Court métrage de fiction de Robert Poirier sur de jeunes garçons qui s’amusent à jouer aux cowboys et aux Indiens. Dans les rues de Montréal, ils imitent les grands westerns et revivent à leur façon les mille péripéties de la vie mouvementée de leurs héros avec beaucoup de spontanéité et de justesse. Du fond aux gestes et attitudes, tout, dans ce film, recoupe le modèle original.
Lisez aussi, sur le blogue, le texte de Marc St-Pierre, analyste de collection ONF, sur ce film de la série Toulmonde parle français : Le bon, la brute et le truand.
This short film portrays the experiences of Rhonda Gordon and her daughter, Angela, when a simple bus ride changes their lives in an unforeseeable way. When they are harassed by three boys, Rhonda finds the courage to take a unique and powerful stance against ignorance and prejudice. What ensues is a dramatic story of racism and empowerment.
This short live-action comedy satirizing TV's violent ways tells the story of 4 children who go searching for their school’s 2 missing turtles. In this task, the children are assisted by a television set that morphs to life as a goofy action superhero. As the search progresses, the children discover that TV solutions and real-life solutions don't always mix. When the kids take charge and use their own wits, the turtle mystery is solved in a jiffy.
This short drama from the Playing Fair series recounts the shaky beginnings of a friendship between Allison and Mela, a girl who recently immigrated to Canada from India. Mela is trying hard to make friends and get used to her new surroundings, but Peter and other classmates make her feel unwelcome and out of place. Though Allison initially goes along with the group, the film shows that differences in skin color and country of origin need not be an obstacle to friendship or self-esteem.
In this drama, Lesia convinces her English-Canadian friend Sarah to perform a Ukrainian dance with her as part of their school's Christmas pageant. Sarah's father, angry at the growing number of Ukrainian settlers, won't allow his daughter to participate. Despite the prejudices of their parents, the girls' friendship remains strong, and they meet in Sarah's barn to celebrate Christmas Day together. Part of the Adventures in History series.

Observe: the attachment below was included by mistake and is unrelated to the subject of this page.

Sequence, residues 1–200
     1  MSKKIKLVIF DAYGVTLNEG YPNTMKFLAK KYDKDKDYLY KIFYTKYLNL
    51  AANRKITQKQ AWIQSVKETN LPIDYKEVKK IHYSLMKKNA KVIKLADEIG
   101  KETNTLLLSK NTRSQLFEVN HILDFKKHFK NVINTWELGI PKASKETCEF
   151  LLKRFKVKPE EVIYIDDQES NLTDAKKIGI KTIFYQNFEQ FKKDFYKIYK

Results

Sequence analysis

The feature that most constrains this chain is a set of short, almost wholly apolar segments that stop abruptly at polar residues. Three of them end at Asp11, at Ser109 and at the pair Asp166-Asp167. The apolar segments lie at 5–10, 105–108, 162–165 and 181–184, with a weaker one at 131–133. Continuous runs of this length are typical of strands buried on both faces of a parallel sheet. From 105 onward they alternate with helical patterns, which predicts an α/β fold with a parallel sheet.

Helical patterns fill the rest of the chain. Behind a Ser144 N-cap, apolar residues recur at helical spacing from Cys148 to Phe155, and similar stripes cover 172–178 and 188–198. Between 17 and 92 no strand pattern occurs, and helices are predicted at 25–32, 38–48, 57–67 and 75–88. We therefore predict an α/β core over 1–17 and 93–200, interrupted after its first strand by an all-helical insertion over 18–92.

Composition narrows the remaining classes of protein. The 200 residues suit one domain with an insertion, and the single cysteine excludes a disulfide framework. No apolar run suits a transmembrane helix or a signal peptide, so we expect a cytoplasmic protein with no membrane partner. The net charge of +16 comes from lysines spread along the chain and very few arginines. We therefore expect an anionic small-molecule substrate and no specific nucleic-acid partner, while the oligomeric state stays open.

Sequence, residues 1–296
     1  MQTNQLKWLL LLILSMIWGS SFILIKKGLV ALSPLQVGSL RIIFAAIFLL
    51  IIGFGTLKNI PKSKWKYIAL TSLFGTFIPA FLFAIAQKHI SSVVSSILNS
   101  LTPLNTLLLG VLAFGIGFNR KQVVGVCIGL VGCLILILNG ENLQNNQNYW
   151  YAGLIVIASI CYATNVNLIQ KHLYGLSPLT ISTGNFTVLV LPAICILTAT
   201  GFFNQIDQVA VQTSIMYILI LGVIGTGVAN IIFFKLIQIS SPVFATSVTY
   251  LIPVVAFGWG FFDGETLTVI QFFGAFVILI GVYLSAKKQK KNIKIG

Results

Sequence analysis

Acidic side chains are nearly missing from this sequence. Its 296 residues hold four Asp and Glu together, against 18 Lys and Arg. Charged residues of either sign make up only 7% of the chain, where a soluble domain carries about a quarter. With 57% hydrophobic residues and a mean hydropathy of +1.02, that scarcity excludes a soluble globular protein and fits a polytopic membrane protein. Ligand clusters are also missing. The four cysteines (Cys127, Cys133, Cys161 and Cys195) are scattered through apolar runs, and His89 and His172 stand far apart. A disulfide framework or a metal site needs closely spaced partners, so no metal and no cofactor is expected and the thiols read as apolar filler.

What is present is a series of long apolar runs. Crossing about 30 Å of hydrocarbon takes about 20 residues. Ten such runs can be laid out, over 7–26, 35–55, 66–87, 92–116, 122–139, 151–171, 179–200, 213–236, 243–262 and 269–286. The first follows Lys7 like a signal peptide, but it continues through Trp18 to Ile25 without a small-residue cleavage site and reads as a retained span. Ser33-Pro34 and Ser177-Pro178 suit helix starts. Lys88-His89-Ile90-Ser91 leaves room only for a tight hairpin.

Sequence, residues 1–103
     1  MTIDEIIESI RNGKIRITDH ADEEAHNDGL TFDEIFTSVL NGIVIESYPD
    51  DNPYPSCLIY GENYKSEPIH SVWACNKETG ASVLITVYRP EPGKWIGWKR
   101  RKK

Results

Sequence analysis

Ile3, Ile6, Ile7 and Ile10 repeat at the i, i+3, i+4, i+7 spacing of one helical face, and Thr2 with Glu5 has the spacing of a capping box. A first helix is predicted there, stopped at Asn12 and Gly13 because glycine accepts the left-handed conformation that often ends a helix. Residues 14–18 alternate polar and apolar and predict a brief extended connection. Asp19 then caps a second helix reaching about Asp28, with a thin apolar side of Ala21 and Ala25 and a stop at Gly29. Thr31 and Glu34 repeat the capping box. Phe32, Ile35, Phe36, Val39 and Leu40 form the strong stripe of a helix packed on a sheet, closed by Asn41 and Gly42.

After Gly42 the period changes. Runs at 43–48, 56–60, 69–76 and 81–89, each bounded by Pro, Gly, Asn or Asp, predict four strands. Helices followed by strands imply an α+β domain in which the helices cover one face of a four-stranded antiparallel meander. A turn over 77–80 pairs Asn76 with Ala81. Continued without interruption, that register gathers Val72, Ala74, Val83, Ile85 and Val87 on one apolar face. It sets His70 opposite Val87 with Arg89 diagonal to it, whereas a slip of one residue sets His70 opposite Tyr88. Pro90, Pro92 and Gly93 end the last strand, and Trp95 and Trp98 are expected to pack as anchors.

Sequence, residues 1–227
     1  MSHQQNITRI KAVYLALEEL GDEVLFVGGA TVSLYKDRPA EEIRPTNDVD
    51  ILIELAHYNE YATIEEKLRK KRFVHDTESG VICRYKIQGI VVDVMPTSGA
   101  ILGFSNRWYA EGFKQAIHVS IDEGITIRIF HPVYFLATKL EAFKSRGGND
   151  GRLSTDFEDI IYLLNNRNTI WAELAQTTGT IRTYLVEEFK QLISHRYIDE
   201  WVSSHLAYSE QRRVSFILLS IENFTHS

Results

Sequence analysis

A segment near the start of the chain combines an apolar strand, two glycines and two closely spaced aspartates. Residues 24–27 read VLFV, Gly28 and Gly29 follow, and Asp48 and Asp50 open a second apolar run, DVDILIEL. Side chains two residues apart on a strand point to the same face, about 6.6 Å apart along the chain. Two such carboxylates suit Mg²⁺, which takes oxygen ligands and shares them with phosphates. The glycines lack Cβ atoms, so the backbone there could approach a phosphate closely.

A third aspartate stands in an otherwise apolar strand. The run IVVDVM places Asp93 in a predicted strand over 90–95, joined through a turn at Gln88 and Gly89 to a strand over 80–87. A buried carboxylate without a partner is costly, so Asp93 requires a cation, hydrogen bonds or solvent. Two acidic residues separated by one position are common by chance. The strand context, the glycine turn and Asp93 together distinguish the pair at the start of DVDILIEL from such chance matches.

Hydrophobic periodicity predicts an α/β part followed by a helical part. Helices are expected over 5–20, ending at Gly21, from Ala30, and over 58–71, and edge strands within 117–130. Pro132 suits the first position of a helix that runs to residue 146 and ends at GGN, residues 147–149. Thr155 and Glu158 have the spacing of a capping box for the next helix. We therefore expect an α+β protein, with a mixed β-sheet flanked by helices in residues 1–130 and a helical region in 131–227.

This short documentary depicts an Aboriginal Winnipeg teen’s struggle to stay in school and away from local gangs. Filmed over 2 years, the film is a moving portrait of one family trying to break the cycle of addiction, violence and poverty in an environment filled with anger and despair.
Richard Cardinal died by his own hand at the age of 17, having spent most of his life in a string of foster homes and shelters across Alberta. In this short documentary, Abenaki director Alanis Obomsawin weaves excerpts from Richard’s diary into a powerful tribute to his short life. Released in 1984—decades before the Truth and Reconciliation Commission—the film exposed the systemic neglect and mistreatment of Indigenous children in Canada’s child welfare system. Winner of the Best Documentary Award at the 1986 American Indian Film Festival, the film screened at New York’s Museum of Modern Art in 2008 as part of an Obomsawin retrospective, and continues to be shown around the world.
This short film from Colin Low presents the problems faced by the people of Fogo Island, Newfoundland and what keeps them committed to the land. Witness some of the magic of the island, as seen through the eyes of children, and understand why its inhabitants cling to its shores.
In this feature-length documentary, 8 Inuit teens with cameras offer a vibrant and contemporary view of life in Canada's North. They also use their newly acquired film skills to confront a broad range of issues, from the widening communication gap between youth and their elders to the loss of their peers to suicide. In Inuktitut with English subtitles.
This film is about a controversial educational community in southwestern Ontario where people of all ages come, either freely or referred by the courts, psychiatric wards and training schools. The film focusses on the "referrals," and their common struggle to instill new meaning into their lives.
This short animation tells the story of Saoussan, a young girl struggling to adjust to life in Canada after being uprooted from her wartorn homeland. She has come to seek a quieter and safer life, although memories of war and death linger, memories that are awakened when the children at her new school prepare for a scary Halloween. From Far Away speaks to the power within us all to adapt like Saoussan and to welcome a newcomer.
Part of the Talespinners collection, which uses vibrant animation to bring popular children’s stories from a wide range of cultural communities to the screen.
This short documentary studies life in the village of Kangirsujuaq, Nunavik. In this community on the edge of the Arctic Ocean, children’s laughter fills the streets while the old people ponder the passage of time. They are nomads of the wide-open spaces who are trying to get used to the strange feeling of staying put. While the teenagers lap up Southern culture and play golf on the tundra to kill time, the Elders are slowly dying, as their entire culture seems to fade away.
Elisapie Isaac, a filmmaker born in Nunavik, decides to return to her roots on this breathtaking land. To bridge the growing gap between the young and the old, she speaks to her grandfather, now deceased, and confides in him her hopes and fears. Grappling with isolation, family relationships, resource extraction, land-based knowledges, the influence of Southern culture and the ongoing impacts of colonialism on Inuit ways of life, Elisapie Isaac offers a nuanced portrait of the North.